Modular Design

b c d e

Possible Design Solutions

Figure 9: The relationship between design quality and value creation

In order to determine which of the best design alternatives (c) and (d) provides a better value for the customer, a Pugh chart [24] analysis has been performed (Table 3). The customer and manufacturer related design criteria have been combined in one set, since a new folding design should be appealing to both the user to buy and the manufacturer to adopt and produce. Those criteria include:

1- NOP 3-

2- Number of removable 4-parts 5-

Folding/setup time Folding mechanism. Space saving when folded

The performed Pugh analysis is a general comparison between the articulated design zone vs. the modular design zone. It shows that an articulated design is always preferable over modular ones due to the fact that frequently removable parts tend to be lost, which decreases the customer created value from foldability and mobility. Also having separable parts takes longer time for installing the product and assembling different modules. Based on this result, design (c) consisting of 7 parts and 3 DOF is the best candidate to create the quality of mobility and the service of personalization in the studied workbench example.

Table 3: Pugh Chart of the Workbench Folding Solutions

Alternative Designs

Articulated Modular

•a -o S != O & ^

Properties "2 T5 Ë o a b c d e

Count of parts D -- - + + +

Number of removable parts A ++ ++ ++ - --

Folding/setup time T ++ + - -- --

Folding mechanism U ++ ++ + - --

Space saving when folded M -- - + ++ ++

sum of+ 6 5 5 3 3

sum of - 4 2 1 4 6

Total 2 3 4 -1 -3

4. Conclusions

5. References

Value creation is a function of customer satisfaction, which can be improved by introducing new product variants that have new qualities. This leads to new services and better prices when manufacturability of the product is taken into consideration as well. Adding foldability to a product leads to better mobility and more potential for that product to become more personalized. Increasing ease of manufacturing causes product price to drop and increases the created customer value.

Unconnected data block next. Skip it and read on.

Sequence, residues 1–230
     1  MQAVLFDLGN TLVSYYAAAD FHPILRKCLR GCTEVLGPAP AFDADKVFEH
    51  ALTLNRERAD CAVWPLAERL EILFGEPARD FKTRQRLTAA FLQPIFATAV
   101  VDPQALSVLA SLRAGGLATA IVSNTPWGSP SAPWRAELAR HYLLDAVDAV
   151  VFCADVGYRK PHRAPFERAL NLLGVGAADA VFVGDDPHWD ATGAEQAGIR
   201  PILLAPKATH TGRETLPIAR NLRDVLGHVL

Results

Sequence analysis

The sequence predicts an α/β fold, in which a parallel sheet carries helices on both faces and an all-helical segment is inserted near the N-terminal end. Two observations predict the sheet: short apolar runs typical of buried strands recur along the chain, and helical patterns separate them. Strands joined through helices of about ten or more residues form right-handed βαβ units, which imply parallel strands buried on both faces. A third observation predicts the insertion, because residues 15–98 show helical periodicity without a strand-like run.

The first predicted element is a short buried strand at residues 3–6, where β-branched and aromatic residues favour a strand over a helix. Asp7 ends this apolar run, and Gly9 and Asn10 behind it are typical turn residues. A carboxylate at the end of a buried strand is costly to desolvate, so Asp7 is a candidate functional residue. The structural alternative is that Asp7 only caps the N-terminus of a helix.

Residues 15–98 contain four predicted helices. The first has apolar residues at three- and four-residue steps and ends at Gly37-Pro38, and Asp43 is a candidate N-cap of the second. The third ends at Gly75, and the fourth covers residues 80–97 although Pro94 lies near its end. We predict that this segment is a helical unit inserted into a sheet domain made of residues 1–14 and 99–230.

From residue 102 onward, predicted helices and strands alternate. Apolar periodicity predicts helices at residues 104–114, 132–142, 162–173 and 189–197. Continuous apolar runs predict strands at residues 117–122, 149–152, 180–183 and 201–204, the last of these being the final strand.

A case study of an ordinary workbench has been introduced to illustrate the proposed model of value creation by foldability. New normalized indices, Foldability, Degrees of Freedom (DOF) Index and Number of Parts (NOP) Index, have been developed to express the quality and ease of the introduced folding feature and ease of manufacturing which directly affects product price. Figure 10 shows that there is also a relationship between the ease of manufacturing expressed by NOP and foldability and DOF Index.

100 90 80 70 60 50 40 30 20 10 0

_ Active Zone ->

- ! - Foldbbility . / --DOF Index

/ / / / / / / / / /

5 7 9 11

Number of Parts (NOP)

Figure 10: The relationship between manufacturability and value Creation

The relationship is a trade-off between foldability in terms of folded volume and ease of folding. Less NOP produces better foldability, however, there is a minimum NOP below which less number of parts does not produce better foldability, and hence there is a lower NOP limit for the active solution zone. The active zone defines the design space in which changing the input parameters, such as NOP, would change the quality of the solution. Less NOP results from modular designs by removing joints between mechanism links. An articulated design on the boundary of modular designs is found to be the most effective alternative for better value creation.